people - (plural) any group of human beings (men or women or children) collectively; "old people"; "there were at least 200 people in the audience"
|Verb||1.||sick - eject the contents of the stomach through the mouth; "After drinking too much, the students vomited"; "He purged continuously"; "The patient regurgitated the food we gave him last night"|
barf, be sick, puke, regorge, retch, throw up, upchuck, vomit, vomit up, disgorge, cat, spue, spew, regurgitate, chuck, honk, purge, cast
|Adj.||1.||sick - affected by an impairment of normal physical or mental function; "ill from the monotony of his suffering"|
unfit - not in good physical or mental condition; out of condition; "fat and very unfit"; "certified as unfit for army service"; "drunk and unfit for service"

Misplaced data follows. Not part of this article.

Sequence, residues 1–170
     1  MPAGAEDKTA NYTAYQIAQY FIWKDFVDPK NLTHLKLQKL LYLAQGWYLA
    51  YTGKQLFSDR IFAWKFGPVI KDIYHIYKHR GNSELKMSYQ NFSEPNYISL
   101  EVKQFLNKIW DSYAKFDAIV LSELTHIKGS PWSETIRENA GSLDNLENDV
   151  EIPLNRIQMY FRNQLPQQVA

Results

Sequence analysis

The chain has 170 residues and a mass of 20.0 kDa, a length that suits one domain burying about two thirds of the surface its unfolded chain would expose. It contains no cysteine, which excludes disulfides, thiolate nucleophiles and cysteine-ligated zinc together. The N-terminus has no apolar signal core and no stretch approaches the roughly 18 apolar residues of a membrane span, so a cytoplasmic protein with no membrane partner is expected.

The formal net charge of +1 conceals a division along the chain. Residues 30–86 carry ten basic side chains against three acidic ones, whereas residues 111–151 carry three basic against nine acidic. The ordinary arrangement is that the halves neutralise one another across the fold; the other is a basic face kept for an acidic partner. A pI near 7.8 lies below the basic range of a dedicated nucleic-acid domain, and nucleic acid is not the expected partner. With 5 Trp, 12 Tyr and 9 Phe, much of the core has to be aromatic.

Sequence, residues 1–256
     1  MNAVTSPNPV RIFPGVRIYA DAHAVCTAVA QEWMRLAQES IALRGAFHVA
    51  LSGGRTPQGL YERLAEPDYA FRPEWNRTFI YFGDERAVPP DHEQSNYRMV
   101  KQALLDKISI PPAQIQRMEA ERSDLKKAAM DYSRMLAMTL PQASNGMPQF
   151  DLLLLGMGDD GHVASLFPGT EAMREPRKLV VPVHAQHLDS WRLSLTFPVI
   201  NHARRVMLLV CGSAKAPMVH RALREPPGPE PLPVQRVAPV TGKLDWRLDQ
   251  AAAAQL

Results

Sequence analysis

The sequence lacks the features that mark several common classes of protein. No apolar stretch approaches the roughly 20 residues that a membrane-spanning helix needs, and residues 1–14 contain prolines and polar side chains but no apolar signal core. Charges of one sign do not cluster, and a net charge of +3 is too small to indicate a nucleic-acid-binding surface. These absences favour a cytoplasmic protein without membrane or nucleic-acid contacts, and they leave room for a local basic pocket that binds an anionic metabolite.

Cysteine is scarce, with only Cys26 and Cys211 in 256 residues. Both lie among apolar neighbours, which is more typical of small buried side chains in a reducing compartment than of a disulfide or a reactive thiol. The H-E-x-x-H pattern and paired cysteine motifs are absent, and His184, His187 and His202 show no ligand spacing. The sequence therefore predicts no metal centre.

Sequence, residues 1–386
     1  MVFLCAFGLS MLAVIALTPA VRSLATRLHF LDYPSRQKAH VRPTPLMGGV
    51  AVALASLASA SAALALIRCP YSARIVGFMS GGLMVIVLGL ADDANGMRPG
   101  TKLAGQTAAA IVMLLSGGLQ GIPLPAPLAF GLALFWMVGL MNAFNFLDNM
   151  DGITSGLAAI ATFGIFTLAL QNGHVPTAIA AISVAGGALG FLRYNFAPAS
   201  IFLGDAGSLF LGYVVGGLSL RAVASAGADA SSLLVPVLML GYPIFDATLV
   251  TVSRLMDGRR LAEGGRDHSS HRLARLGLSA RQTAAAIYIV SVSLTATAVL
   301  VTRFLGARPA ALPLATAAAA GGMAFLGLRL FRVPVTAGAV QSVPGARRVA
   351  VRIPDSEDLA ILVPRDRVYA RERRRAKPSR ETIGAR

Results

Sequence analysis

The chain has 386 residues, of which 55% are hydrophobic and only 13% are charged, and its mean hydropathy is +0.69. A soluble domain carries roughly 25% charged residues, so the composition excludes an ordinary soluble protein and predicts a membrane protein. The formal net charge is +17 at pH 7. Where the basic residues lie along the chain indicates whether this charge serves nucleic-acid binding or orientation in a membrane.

unhealthy - not in or exhibiting good health in body or mind; "unhealthy ulcers"
|2.||sick - feeling nausea; feeling about to vomit|
|3.||sick - affected with madness or insanity; "a man who had gone mad"|
insane - afflicted with or characteristic of mental derangement; "was declared insane"; "insane laughter"
|4.||sick - having a strong distaste from surfeit; "grew more and more disgusted"; "fed up with their complaints"; "sick of it all"; "sick to death of flattery"; "gossip that makes one sick"; "tired of the noise and smoke"|
displeased - not pleased; experiencing or manifesting displeasure
|5.||sick - (of light) lacking in intensity or brightness; dim or feeble; "the pale light of a half moon"; "a pale sun"; "the late afternoon light coming through the el tracks fell in pale oblongs on the street"; "a pallid sky"; "the pale (or wan) stars"; "the wan light of dawn"|
weak - wanting in physical strength; "a weak pillar"
|6.||sick - deeply affected by a strong feeling; "sat completely still, sick with envy"; "she was sick with longing"|